Friday, June 7, 2013

Update on the Turkish Protests

So where are we this week? So much has happened, is happening. Where do you start? I'm sorry but I have no pictures this week--maybe later. But I felt the need to get down what was happening NOW. I have included come Youtube video links that tell part of the story.

Tencere ve Tava Proteso (The Pots and Pans Protest)

On Sunday night, June 2nd, we were sitting in the living room, watching TV with Grandfather, Delal’s aunt, and a friend visiting from Silivri. Suddenly, a noise rose up from the street, growing louder and louder. We all went out onto the balcony to find our whole neighborhood hanging out the window banging pots and pans. The clamor came from every direction—from Çamlica in the west and Ataşehir in the East. I swear to God the very air seemed to be alive and vibrating. We ran in and got our own pots and pans. ‘I feel like I’m getting something big off my chest!’ our aunt said as she pounded away on a frying pan.

And so weren’t we all, the entire city.

Last year, during the height of the Kurdish hunger strikes, we joined a civil action campaign to turn off the lights and put candles in the window for all the prisoners. I remember how miserable and alone I felt—our window the only dark one as far as they eye could see. You felt targeted, marginalized. Now everyone was on the same side. We felt safe, empowered. Cars poured out into the street honking horns. The gigantic apartment high rises in Ataşehir blinked on and off like Empire State Christmas trees. Behind them a storm was pouring in over the mountains, tall black thunderheads—lightning darted behind the hills. It seemed even God himself had joined in. And this was in a neighborhood known for being staunch supporters of Erdoğan’s party, the AKP.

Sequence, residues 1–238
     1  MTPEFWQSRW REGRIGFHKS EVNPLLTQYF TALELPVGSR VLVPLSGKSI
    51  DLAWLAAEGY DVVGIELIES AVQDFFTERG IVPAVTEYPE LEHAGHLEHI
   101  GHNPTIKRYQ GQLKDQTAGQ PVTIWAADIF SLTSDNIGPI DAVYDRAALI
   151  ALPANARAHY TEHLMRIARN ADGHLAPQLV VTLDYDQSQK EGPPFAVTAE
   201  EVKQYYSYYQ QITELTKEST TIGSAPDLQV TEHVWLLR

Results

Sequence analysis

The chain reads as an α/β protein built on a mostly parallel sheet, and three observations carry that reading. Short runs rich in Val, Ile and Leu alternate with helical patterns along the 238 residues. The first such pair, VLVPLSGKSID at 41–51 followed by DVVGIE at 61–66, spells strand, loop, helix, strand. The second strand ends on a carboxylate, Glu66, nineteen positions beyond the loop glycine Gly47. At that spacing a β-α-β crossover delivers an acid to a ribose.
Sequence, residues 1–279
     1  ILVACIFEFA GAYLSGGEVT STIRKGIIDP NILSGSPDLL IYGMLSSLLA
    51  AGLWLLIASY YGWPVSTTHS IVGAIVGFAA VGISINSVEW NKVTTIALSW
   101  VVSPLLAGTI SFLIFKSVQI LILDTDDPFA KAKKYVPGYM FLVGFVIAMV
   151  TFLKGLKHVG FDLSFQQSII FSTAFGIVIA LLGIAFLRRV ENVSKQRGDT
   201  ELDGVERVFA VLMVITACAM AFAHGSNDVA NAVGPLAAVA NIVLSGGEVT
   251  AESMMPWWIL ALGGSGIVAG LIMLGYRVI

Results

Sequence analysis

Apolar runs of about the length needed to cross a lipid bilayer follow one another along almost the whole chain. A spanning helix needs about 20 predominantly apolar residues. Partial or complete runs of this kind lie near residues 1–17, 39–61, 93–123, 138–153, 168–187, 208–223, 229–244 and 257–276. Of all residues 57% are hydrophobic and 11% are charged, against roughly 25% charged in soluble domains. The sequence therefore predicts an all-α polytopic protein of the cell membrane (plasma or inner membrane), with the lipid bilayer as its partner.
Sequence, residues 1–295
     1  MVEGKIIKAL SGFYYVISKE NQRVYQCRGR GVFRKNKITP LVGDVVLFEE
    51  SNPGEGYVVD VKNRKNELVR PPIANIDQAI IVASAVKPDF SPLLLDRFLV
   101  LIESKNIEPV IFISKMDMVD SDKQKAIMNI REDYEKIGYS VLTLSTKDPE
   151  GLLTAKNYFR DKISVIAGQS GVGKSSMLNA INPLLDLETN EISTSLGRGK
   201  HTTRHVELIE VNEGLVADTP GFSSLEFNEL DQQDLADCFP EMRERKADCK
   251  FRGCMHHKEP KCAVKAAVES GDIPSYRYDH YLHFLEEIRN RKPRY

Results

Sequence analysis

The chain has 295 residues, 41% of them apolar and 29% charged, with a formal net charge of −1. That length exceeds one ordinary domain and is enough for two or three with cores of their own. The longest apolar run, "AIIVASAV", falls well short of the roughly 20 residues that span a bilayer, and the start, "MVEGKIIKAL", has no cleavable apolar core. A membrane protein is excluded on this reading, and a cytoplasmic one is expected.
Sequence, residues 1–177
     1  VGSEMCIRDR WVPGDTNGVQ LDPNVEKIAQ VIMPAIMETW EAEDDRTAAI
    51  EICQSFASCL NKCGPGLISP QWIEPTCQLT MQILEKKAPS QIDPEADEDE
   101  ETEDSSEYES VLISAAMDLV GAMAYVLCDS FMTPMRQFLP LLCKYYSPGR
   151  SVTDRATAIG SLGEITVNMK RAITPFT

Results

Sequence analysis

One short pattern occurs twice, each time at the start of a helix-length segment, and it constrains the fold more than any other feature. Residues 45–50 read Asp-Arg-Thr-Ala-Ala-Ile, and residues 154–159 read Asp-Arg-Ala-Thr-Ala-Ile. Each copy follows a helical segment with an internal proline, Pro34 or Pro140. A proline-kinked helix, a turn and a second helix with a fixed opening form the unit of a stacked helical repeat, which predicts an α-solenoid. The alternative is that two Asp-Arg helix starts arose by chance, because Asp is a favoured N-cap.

Every night at 9:00 since then, the same thing has happened. Last night in Kadıköy the workers at the Opera House from actor to concession stand worker poured out into the side streets armed with giant pots. Taxis honked at them as they went by.

But I will add one thing—Grandfather would not come out with us. At first he protested, ‘No, don’t go out. It’s rude! You’ll wake people up.’ We laughed, we insisted, we pointed out everyone was doing it and finally he emerged with the biggest pan of all, but then almost unconciously, immediately crouched behind our balcony walls, instinctively afraid. In his 83 years he has seen enough of Turkish state oppression—he perhaps had the sense to be scared.

Here’s some videos of similar pots and pans protests around the country.


Ulus (Istanbul)


A song by the popular group ‘Kardeş Türküler’ about the pots and pans protest

A week of tense calm